The National Transportation Safety Board determined during a public meeting on February, a pilot’s decision to continue flight under visual flight rules into instrument meteorological conditions, which resulted in the pilot’s spatial disorientation and loss of control, led to the fatal, Jan. 26, 2020, crash of a Sikorsky S-76B helicopter in Calabasas, California.
The pilot and eight passengers died when the helicopter, operated by Island Express Helicopters, Inc., entered a rapidly descending left turn and crashed into terrain. The flight departed from John Wayne Airport-Orange County, Santa Ana, California, and was bound for Camarillo, California.
About two minutes before the crash, while at an altitude of about 450 feet above ground level, the pilot transmitted to an air traffic control facility that he was initiating a climb to get the helicopter “above the [cloud] layers.” The helicopter climbed at a rate of about 1,500 feet per minute and began a gradual left turn. The helicopter reached an altitude of about 2,400 feet above sea level (1,600 feet above ground level) and began to descend rapidly in a left turn to the ground. While the helicopter was descending the air traffic controller asked the pilot to “say intentions,” and the pilot replied that the flight was climbing to 4,000 feet msl (about 3,200 feet above ground level). A witness first heard the helicopter and then saw it emerge from the bottom of the cloud layer in a left-banked descent about one or two seconds before impact.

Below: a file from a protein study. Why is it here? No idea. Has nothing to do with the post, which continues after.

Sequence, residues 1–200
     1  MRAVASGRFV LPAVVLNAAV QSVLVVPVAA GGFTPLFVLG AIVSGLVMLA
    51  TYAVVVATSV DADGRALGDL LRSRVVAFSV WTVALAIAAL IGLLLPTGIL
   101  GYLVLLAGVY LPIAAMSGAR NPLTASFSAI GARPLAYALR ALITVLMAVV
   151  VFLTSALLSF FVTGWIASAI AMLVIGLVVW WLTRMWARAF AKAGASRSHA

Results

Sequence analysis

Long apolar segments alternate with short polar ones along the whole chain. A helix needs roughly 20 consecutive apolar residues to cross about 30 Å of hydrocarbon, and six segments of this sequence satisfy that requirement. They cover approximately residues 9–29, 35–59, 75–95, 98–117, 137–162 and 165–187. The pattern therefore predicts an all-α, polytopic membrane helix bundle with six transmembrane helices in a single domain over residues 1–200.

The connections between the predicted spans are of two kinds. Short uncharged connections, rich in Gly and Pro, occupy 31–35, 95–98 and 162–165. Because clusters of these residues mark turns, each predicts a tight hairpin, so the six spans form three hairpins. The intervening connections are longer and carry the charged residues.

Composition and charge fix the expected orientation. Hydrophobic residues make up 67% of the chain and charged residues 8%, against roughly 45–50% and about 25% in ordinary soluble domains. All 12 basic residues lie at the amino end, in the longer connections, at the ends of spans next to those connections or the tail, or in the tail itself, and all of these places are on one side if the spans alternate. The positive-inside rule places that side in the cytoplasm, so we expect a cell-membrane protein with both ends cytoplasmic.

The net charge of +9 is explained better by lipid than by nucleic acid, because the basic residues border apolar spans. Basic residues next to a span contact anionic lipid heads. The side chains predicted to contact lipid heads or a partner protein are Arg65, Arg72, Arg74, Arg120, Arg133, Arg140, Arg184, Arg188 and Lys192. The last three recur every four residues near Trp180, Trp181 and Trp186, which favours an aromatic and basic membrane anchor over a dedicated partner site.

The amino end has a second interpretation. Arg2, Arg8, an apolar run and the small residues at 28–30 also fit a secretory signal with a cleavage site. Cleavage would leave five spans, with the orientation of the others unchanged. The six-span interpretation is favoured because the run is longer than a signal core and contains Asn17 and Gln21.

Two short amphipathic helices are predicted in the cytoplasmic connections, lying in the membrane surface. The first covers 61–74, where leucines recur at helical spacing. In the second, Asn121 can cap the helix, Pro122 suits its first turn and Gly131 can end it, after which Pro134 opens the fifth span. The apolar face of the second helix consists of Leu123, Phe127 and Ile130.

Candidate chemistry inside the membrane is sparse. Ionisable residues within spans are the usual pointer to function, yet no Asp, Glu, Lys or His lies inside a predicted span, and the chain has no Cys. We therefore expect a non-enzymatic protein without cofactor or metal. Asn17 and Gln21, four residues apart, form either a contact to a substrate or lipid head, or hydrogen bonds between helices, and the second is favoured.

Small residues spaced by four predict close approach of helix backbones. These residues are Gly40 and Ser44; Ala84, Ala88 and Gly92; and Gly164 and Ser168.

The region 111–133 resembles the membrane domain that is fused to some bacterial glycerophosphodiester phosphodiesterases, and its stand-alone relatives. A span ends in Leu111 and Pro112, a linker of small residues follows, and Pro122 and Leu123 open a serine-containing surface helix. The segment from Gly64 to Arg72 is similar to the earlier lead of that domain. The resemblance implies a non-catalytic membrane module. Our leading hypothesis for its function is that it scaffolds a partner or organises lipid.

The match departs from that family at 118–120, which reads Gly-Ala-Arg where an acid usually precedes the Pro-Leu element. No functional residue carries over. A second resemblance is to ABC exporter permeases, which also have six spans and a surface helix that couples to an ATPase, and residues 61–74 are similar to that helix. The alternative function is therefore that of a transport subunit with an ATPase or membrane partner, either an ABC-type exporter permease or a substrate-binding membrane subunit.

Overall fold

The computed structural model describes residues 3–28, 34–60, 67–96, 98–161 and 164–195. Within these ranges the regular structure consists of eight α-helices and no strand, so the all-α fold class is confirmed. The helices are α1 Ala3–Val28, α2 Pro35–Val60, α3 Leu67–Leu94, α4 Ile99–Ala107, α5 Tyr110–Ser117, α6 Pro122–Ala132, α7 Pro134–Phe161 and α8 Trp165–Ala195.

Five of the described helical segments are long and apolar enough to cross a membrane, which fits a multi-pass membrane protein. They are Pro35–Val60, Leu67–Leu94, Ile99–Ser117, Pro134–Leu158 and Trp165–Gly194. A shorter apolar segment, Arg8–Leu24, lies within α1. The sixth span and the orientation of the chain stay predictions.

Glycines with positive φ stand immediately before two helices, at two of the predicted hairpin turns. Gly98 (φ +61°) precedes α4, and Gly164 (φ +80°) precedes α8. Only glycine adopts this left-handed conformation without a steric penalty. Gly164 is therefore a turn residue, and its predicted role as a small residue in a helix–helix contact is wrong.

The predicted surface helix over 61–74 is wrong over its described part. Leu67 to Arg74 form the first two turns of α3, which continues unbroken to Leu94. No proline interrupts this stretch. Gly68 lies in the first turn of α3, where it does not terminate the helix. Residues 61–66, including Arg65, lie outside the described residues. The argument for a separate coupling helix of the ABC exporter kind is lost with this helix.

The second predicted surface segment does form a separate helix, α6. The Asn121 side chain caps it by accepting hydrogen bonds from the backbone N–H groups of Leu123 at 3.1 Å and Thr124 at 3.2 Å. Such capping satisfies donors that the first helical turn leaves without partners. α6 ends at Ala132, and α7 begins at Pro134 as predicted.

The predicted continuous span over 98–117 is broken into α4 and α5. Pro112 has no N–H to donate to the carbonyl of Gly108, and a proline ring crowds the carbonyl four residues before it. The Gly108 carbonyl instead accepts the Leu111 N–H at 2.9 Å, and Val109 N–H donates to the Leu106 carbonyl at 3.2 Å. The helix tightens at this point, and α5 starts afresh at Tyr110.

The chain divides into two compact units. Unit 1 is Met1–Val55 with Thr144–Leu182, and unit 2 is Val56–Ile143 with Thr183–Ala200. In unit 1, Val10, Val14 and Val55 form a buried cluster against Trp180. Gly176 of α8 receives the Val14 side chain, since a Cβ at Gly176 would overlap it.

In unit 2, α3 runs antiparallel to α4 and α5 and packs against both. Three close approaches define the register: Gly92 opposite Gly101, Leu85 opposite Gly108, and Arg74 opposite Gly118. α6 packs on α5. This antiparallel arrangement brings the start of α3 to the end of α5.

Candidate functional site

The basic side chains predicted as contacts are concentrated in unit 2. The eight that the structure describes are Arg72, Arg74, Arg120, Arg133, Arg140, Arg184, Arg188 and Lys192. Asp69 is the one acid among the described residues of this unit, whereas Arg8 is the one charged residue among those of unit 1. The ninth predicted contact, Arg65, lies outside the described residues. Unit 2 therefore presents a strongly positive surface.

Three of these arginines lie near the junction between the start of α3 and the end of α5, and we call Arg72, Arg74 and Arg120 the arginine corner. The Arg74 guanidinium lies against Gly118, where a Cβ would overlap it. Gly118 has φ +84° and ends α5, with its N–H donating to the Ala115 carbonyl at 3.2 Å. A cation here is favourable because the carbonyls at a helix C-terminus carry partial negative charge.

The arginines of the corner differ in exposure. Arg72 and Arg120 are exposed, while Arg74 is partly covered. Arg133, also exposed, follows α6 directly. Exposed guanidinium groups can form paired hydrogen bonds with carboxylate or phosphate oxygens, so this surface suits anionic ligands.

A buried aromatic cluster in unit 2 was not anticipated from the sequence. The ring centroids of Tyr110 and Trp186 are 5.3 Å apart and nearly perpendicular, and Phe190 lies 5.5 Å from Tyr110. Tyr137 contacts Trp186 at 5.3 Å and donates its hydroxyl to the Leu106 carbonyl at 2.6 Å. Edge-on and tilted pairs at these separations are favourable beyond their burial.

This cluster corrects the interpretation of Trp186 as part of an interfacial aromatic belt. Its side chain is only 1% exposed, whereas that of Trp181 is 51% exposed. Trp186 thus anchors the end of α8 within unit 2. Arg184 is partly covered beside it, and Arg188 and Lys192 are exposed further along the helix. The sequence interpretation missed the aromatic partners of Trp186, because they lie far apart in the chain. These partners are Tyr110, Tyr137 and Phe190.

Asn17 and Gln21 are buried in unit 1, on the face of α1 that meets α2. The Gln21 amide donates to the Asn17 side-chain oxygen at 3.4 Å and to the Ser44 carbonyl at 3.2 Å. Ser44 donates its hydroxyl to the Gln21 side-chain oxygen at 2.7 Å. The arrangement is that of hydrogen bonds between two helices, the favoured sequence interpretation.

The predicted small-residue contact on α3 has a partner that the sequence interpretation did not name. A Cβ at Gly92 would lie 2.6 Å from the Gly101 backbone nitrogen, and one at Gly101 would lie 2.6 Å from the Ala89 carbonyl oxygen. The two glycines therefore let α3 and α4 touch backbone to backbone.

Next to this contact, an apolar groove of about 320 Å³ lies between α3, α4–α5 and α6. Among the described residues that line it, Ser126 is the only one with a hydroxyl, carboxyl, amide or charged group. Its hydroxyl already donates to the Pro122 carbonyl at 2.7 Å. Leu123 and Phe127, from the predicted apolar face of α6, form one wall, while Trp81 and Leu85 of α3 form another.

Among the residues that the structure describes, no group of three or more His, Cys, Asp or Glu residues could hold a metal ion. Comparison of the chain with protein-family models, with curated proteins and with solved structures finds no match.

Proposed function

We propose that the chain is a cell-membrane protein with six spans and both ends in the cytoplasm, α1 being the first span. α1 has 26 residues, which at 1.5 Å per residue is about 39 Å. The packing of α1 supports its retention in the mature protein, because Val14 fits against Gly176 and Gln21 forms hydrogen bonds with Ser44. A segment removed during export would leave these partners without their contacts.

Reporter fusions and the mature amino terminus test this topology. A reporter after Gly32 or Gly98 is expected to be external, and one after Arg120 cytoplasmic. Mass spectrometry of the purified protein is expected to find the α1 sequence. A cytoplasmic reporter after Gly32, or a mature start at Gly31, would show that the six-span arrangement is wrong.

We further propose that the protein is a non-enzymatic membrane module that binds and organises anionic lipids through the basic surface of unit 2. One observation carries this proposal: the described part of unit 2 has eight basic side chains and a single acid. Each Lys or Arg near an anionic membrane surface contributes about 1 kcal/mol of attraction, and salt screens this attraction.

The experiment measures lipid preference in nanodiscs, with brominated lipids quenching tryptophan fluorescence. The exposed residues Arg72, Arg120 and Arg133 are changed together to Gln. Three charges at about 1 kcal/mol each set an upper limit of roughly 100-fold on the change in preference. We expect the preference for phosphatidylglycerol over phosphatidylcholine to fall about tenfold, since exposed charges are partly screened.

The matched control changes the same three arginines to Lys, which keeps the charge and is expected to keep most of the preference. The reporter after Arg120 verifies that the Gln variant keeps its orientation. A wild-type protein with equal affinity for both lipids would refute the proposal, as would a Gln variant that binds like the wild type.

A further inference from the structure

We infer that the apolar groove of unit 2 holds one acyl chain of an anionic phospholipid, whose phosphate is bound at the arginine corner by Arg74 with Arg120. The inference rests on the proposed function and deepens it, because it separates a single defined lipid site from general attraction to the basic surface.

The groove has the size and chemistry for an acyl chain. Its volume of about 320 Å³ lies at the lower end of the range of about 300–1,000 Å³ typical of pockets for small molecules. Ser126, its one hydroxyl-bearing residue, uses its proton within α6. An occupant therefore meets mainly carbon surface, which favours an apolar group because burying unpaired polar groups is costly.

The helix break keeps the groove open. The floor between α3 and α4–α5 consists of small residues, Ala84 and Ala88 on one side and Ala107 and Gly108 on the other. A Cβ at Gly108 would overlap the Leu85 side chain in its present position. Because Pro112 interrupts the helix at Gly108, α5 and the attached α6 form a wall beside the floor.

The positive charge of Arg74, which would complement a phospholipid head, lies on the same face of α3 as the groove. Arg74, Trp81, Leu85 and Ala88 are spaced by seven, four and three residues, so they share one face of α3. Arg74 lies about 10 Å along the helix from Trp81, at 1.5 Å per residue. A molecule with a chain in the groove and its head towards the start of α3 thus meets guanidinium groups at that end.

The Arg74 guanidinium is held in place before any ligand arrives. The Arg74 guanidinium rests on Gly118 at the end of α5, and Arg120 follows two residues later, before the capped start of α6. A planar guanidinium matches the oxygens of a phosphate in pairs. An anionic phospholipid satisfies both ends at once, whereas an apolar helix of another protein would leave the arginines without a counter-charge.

Contributing to the accident was the pilot’s likely self-induced pressure and plan continuation bias, which adversely affected his decision making. The NTSB also determined Island Express Helicopters Inc.’s inadequate review and oversight of its safety management process contributed to the crash.
“Unfortunately, we continue to see these same issues influence poor decision making among otherwise experienced pilots in aviation crashes,” said NTSB Chairman Robert Sumwalt. “Had this pilot not succumbed to the pressures he placed on himself to continue the flight into adverse weather, it is likely this accident would not have happened. A robust safety management system can help operators like Island Express provide the support their pilots need to help them resist such very real pressures.”